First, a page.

Costco (Kirkland) Handcrafted Beer

Costco, one of the top 3 warehouse club stores in the U.S. (along with Sam's Club and BJ's), started offering its own private label (Kirkland Signature) line of Handcrafted Beer with 4 varieties:

- Hefeweizen, unfiltered wheat beer, bottom-fermented
- Pale Ale, top-fermented
- Amber Ale, a darker version of pale ale, top-fermented
- German-style Lager ("lager" is "storage" in German), bottom-fermented

There is already a brief YouTube "review" of the Costco's line of Handcrafted Beer:

Video: Costco's very own craft beer with the Kirkland name on it, 4-flavor variety 24 pack for $18.50 for a case. Ale Ale is a type of beer brewed from malted barley using a top-fermenting brewers' yeast. This yeast ferments the beer quickly, giving it a sweet and fruity taste. Most ales contain hops, which impart a bitter flavour that helps to balance the sweetness of the malt. The other major style of beer — lager — is bottom-fermented. Ales are common in the United Kingdom, Ireland, Belgium, Germany, and among craft beer consumers in the United States. Pale ale Pale ales are brewed using a pale barley malt, the classic example being the bitter of English pubs. Strengths vary from 3% abv to over 5%. Amber ale is a North American term for a slightly darker style of this type, that probably takes its name from the ambrée of France. Lager Lager (German: storage) is a type of beer that is stored for at least 3 weeks before being served. It is a general term that includes several variations or styles, such as Pilsener, Export and Märzen. The key difference between an ale and a lager is in fermentation; a lager is fermented at a much lower temperature, and with a different yeast, than an ale. If continuous fermentation is not employed, the fermentation period for a lager will take at least twice as long as for an ale; this time is furthermore compounded by weeks or months of lagering. Wheat beer Wheat beer is a beer that is brewed with a large proportion of wheat. Wheat beers often also contain a significant proportion of malted barley. Wheat beers are usually top-fermented (in Germany they have to be by law). The main varieties are weissbier, witbier and the sour varieties, such as lambic. Weissbier refers to several different types of wheat beer: - "hefeweizen" refers to wheat beer in its traditional, unfiltered form - kristallweizen (crystal wheat), or kristall weiss (crystal white beer) refers to a wheat beer that is filtered to remove the yeast from suspension Weissbier is available in a number of other stronger forms including dunkelweizen (dark wheat) and weizenstarkbier (strong wheat beer), commonly referred to as weizenbock. The dark wheat varieties typically have a much higher alcohol content than their lighter cousins. Alternate terms for hefeweizen include hefeweissbier, weissbier, hefeweisse, dunkelweizen, weizenbock, and weizenstarkbier. The hefeweizen style is particularly noted for its low hop bitterness (about 15 IBUs) and relatively high carbonation (approaching four volumes), considered important to balance the beer's relatively malty sweetness. References: Ale. Wikipedia. Lager. Wikipedia. Wheat beer. Wikipedia. Kirkland's Signature Handcrafted Beer. Strap's Blog.The Economist explains: How IPA beer conquered the world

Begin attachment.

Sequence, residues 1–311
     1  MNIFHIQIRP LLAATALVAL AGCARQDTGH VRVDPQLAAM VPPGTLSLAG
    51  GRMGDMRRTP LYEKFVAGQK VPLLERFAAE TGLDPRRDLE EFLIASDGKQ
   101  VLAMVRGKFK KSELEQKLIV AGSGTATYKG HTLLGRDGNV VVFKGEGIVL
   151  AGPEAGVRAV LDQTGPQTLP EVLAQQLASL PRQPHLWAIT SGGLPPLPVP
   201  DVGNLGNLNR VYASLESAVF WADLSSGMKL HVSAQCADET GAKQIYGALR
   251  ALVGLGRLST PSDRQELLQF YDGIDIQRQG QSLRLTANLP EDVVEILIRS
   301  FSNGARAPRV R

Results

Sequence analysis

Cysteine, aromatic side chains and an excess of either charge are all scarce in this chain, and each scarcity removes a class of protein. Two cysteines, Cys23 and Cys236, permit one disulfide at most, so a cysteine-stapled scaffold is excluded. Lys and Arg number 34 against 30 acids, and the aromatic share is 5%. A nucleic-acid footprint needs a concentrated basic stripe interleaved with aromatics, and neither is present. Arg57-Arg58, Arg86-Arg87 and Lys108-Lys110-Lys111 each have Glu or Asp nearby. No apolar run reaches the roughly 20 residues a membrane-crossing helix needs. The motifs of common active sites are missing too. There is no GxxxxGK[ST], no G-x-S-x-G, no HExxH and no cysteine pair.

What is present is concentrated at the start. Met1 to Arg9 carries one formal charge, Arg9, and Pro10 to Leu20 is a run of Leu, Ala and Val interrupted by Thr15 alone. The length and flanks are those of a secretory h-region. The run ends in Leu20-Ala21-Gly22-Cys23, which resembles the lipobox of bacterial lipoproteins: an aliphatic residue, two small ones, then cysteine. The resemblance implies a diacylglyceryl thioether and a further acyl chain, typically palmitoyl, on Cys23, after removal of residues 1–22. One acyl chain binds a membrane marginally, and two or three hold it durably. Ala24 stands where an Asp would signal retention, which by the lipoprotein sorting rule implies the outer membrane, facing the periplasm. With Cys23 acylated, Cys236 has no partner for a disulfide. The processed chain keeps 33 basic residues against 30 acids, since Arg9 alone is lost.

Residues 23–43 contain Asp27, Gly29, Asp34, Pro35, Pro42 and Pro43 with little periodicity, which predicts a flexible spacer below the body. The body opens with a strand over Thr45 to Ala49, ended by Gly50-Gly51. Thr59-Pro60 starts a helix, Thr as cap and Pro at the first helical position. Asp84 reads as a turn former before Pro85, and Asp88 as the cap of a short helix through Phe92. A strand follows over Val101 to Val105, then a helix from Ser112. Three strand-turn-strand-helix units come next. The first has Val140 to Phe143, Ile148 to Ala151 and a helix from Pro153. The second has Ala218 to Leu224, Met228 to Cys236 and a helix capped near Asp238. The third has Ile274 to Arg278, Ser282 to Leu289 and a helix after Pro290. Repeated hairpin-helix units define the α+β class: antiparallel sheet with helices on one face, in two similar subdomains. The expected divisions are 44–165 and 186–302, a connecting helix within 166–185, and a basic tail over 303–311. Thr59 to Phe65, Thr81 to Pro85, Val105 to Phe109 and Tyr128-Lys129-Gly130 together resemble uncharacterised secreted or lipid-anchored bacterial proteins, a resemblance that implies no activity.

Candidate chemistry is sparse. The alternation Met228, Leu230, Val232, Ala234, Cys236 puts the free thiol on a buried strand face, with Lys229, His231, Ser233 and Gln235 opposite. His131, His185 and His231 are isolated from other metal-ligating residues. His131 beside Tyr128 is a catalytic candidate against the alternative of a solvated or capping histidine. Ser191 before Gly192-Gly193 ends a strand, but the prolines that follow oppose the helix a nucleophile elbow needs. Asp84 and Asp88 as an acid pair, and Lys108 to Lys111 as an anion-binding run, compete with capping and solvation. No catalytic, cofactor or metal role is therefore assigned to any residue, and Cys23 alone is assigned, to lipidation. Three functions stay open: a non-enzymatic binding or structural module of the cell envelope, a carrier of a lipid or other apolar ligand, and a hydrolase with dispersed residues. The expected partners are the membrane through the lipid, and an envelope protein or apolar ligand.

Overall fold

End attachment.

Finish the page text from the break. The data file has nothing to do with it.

1. That's interesting. I wonder who makes the beer for them. Any ideas?

  2. "I wonder who makes the beer for them. Any ideas?"

    I think it depends on the region. There were some speculations on different blogs. Search on Google and will find different suggestions...


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